Posts From The Road: Mission San Juan Capistrano

Bell Wall: A bell wall displays four bells recovered from the ruins of the Great Stone Church. The two larger bells have been recast but the two smaller bells are the original. The bell wall connects the ruins of the Great Stone Church to the Serra Chapel at the left side of the image. Photo by Gary Warren/

Bell Wall and Ruins: Beautiful gardens cover the grounds around the mission complex. Seen here is the Serra Chapel, the Bell Wall, and ruins of the Great Stone Church. Photo by Gary Warren/

Great Stone Church Ruins: The ruins of the great cathedral style Great Stone Church stand today as they were following the San Juan Capistrano earthquake, which occurred in 1812. Photo by Gary Warren/

Formerly of Los Alamos

Mission San Juan Capistrano in Orange County, Calif., is a Spanish mission founded in 1776 by Spanish Catholic missionaries. Mass was held in two smaller chapels before Serra Chapel was constructed and dedicated in 1782.

The mission existed and grew in number over the years and in 1797 construction began on a larger facility. The Great Stone Church was constructed over a period of nine years from 1797 to 1806. The cathedral style church was designed in the shape of a cross with walls of 50 feet and a bell tower, which stood 120 feet high. The facility was blessed in September 1806 and followed by a fiesta. 

However, the church life was short lived. On the Sunday morning of Dec. 8, 1812, a 7.5 magnitude earthquake occurred causing the bulk of the structure to crash down on worshipers. The San Juan Capistrano earthquake killed 40 worshipers and two boys who were ringing the bells in the bell tower.

Worship returned to the Serra Chapel and in honor of those who lost lives in the earthquake, the ruins of the Great Stone Church were left as is. The Serra Chapel and other parts of the compound have been restored. The grounds are beautifully landscaped with many gardens.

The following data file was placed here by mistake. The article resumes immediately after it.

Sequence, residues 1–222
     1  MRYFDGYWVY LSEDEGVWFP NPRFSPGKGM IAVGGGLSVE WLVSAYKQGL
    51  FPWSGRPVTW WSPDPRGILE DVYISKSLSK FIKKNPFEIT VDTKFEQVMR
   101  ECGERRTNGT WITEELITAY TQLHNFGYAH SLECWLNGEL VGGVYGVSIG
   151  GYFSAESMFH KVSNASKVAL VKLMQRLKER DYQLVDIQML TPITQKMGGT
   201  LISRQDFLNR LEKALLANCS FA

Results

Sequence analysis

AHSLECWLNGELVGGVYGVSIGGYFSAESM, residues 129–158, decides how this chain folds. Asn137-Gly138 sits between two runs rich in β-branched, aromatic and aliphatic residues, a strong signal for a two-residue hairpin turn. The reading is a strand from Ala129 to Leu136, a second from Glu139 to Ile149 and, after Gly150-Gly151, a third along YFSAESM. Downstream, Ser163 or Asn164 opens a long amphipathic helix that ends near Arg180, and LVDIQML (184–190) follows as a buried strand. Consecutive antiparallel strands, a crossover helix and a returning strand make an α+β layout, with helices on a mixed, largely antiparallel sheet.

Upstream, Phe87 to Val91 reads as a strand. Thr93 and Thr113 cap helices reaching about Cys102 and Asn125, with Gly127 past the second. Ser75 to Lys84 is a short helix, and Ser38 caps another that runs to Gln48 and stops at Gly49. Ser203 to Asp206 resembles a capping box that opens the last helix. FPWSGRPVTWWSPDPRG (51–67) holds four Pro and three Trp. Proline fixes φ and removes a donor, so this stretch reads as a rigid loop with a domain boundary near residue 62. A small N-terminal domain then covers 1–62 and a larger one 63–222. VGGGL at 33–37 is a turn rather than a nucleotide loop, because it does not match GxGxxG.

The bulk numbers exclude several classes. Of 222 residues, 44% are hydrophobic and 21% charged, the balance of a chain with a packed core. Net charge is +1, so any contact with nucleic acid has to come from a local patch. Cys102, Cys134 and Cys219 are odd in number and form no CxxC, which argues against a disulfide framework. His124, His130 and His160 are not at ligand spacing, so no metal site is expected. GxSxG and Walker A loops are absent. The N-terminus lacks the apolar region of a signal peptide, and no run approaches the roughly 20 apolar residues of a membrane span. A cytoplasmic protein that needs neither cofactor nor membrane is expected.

In 1986, Mission Basilica San Juan Capistrano opened just west of the Mission San Juan Capistrano where mass continues to be held. Some events are still held in the chapel, but the remainder of the mission compound is a museum.

Editor’s note: Longtime Los Alamos photographer Gary Warren and his wife Marilyn are traveling around the country and he shares his photographs, which appear in the ‘Posts from the Road’ series published in the Sunday edition of the Los Alamos Daily Post.

Church Model: A model of the Great Stone Church displayed in front of the ruins. Its inscription recounts church history: Great Stone Church; 1797-1806 Under Construction; 1806-1812 House of Worship. Dec. 8, 1812 Felled in earthquake; May the Earthquake victims rest in Peace. Photo by Gary Warren/

Arch Detail: An arch detail and walkway and a portion of a courtyard seen in a restored portion of the mission complex. The Serra Chapel and other structures within the compound have been restored. Photo by Gary Warren/

Hollyhocks: Colorful hollyhocks grace the corner of a courtyard at Mission San Juan Capistrano. Photo by Gary Warren/